Washington, DC – In remarks to the press today, Secretary of State Antony Blinken announced a new resettlement program for Afghans who assisted the United States but who do not qualify for Special Immigrant Visas (SIV) under Operation Allies Refuge. The Priority-2, or P-2, designation, grants access to the U.S. Refugee Admissions Program for many of these Afghans and their family members.
“We take our responsibility to our Afghan partners deeply seriously, and we know the American people do as well. We have a long history in the United States of welcoming refugees into our country. And helping them resettle into new homes and new communities is the work of a huge network of state and local governments, NGOs, faith-based groups, advocacy groups, tens of thousands of volunteers,” said Blinken.
Outlining the process earlier today, a senior state department official said that individuals cannot apply directly, but have to be referred by their employer through WRAPSNET.org. Unlike the SIV process, applicants have to get themselves out of Afghanistan at their own expense before processing of their caseload can even begin, and the processing can take from 12-14 months.
Those eligible for the P-2 program include:
-Afghans who do not meet the minimum time-in-service for a SIV but who work or worked as employees of contractors, locally-employed staff, interpreters/translators for the U.S. Government, United States Forces Afghanistan (USFOR-A), International Security Assistance Force (ISAF), or Resolute Support;
-Afghans who work or worked for a U.S. government-funded program or project in Afghanistan supported through a U.S. government grant or cooperative agreement;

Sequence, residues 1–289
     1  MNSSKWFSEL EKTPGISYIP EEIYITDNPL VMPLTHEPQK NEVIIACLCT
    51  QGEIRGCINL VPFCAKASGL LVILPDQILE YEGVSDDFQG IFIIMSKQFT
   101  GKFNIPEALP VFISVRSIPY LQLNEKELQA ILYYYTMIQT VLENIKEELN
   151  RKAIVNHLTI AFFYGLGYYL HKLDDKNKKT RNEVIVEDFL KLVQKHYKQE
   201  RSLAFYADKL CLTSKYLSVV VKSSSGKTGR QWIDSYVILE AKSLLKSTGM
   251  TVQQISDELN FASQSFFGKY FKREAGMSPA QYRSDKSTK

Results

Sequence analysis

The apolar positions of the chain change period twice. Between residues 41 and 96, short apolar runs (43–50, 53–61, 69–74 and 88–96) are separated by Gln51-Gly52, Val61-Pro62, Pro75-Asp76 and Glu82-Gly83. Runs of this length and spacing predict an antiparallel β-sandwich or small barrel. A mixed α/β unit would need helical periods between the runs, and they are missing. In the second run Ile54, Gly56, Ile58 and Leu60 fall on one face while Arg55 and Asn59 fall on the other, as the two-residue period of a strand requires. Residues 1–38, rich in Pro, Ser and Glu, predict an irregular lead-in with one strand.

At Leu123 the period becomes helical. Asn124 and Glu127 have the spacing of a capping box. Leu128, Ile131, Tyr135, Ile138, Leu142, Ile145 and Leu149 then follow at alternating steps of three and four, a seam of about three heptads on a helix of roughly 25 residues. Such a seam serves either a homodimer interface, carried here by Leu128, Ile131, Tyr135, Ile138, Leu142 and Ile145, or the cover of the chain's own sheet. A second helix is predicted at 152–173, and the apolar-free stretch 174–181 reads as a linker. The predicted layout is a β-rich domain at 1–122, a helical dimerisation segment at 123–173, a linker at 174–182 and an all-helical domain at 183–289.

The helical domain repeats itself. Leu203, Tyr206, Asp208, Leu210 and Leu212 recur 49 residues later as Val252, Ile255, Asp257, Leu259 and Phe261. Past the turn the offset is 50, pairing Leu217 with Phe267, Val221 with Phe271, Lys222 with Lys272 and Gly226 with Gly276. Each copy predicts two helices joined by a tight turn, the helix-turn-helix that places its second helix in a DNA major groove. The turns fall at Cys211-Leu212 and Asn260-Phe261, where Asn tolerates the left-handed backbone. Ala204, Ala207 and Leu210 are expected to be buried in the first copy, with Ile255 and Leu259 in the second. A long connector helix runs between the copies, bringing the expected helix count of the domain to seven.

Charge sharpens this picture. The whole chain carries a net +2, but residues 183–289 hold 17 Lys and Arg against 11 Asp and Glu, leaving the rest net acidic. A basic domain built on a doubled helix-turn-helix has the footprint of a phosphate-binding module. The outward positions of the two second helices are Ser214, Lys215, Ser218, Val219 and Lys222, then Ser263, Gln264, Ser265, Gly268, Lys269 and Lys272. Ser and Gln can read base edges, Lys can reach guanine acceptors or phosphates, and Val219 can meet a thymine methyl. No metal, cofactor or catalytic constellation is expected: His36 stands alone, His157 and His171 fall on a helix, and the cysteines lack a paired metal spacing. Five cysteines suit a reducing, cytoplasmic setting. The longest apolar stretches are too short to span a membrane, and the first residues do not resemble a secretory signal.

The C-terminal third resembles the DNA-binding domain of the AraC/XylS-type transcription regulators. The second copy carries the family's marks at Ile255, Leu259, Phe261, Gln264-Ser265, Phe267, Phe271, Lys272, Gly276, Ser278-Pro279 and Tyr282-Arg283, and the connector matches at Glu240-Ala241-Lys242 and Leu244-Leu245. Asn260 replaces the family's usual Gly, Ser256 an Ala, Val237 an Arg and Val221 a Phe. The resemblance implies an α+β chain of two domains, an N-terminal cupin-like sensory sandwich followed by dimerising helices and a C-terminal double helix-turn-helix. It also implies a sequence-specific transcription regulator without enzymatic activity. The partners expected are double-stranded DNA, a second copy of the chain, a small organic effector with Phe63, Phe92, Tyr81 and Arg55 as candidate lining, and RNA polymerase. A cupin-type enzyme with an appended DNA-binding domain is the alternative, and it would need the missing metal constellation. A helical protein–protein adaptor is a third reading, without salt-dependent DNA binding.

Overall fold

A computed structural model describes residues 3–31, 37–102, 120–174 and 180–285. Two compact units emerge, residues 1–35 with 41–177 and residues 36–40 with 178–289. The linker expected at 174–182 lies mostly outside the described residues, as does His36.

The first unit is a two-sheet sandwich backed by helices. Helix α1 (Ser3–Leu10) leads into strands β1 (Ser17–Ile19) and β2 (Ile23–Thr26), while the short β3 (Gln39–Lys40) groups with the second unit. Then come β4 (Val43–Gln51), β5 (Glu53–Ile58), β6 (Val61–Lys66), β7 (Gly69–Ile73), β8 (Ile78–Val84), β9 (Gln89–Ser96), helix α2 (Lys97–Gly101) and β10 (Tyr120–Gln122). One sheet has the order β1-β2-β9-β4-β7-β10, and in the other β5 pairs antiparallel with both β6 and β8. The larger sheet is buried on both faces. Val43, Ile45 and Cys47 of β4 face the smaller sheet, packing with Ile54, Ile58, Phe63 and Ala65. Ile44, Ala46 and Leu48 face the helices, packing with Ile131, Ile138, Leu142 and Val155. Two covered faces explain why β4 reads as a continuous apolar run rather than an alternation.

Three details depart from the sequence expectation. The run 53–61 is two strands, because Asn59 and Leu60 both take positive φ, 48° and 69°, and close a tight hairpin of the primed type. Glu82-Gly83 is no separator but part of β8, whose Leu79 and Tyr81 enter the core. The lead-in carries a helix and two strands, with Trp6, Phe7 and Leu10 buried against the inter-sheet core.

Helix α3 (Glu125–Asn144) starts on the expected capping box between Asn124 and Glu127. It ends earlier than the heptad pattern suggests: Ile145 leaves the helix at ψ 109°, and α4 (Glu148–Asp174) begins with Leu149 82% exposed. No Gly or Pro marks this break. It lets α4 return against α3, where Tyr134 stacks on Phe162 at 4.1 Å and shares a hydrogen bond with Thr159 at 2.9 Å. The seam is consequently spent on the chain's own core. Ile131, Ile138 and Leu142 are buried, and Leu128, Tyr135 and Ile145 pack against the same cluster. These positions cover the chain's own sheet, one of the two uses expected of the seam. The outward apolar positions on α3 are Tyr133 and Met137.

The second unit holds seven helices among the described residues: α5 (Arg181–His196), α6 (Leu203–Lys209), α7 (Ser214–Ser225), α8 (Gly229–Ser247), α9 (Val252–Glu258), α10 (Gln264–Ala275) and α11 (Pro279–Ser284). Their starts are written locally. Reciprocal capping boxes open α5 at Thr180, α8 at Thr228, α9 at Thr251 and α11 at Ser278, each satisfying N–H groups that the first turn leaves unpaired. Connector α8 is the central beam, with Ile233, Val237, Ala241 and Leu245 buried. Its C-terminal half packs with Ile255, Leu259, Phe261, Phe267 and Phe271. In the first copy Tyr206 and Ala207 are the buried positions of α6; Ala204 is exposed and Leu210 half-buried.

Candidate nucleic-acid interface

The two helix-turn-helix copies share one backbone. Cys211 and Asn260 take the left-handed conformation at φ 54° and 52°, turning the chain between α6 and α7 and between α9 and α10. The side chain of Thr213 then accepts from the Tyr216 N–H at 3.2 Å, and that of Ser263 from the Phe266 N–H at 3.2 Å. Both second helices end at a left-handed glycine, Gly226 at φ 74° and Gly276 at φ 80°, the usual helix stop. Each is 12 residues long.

-Afghans who are or were employed in Afghanistan by a U.S.-based media organization or non-governmental organization.
Meanwhile, two groups of special immigrant visa applicants relocated under Operation Allies Refuge – around 400 people – have arrived at Fort Lee, Virginia.
With the US withdrawal from Afghanistan, the situation continues to deteriorate. Clashes between the Afghan government forces and the Pakistan-backed Taliban outside Herat city on Friday, forced residents to flee, and the UN’s main compound in Herat was attacked by rocket-propelled grenades and gunfire. Kandahar airport also came under Taliban rocket attack.
The deteriorating security situation post the US announcement of withdrawal of most of its contingent has forced India, which is the largest regional donor to Afghanistan, to evacuate 50 diplomats and staff members from its consulate in Kandahar. While the US may evacuate some of the Afghans who supported its mission, the situation is expected to be grim for those remaining, especially women and minorities.
Poonam is a multi-media journalist, and Managing Editor of India America Today (IAT). She launched its print edition in 2019 with IAT's Founder and Editor, the late Tejinder Singh.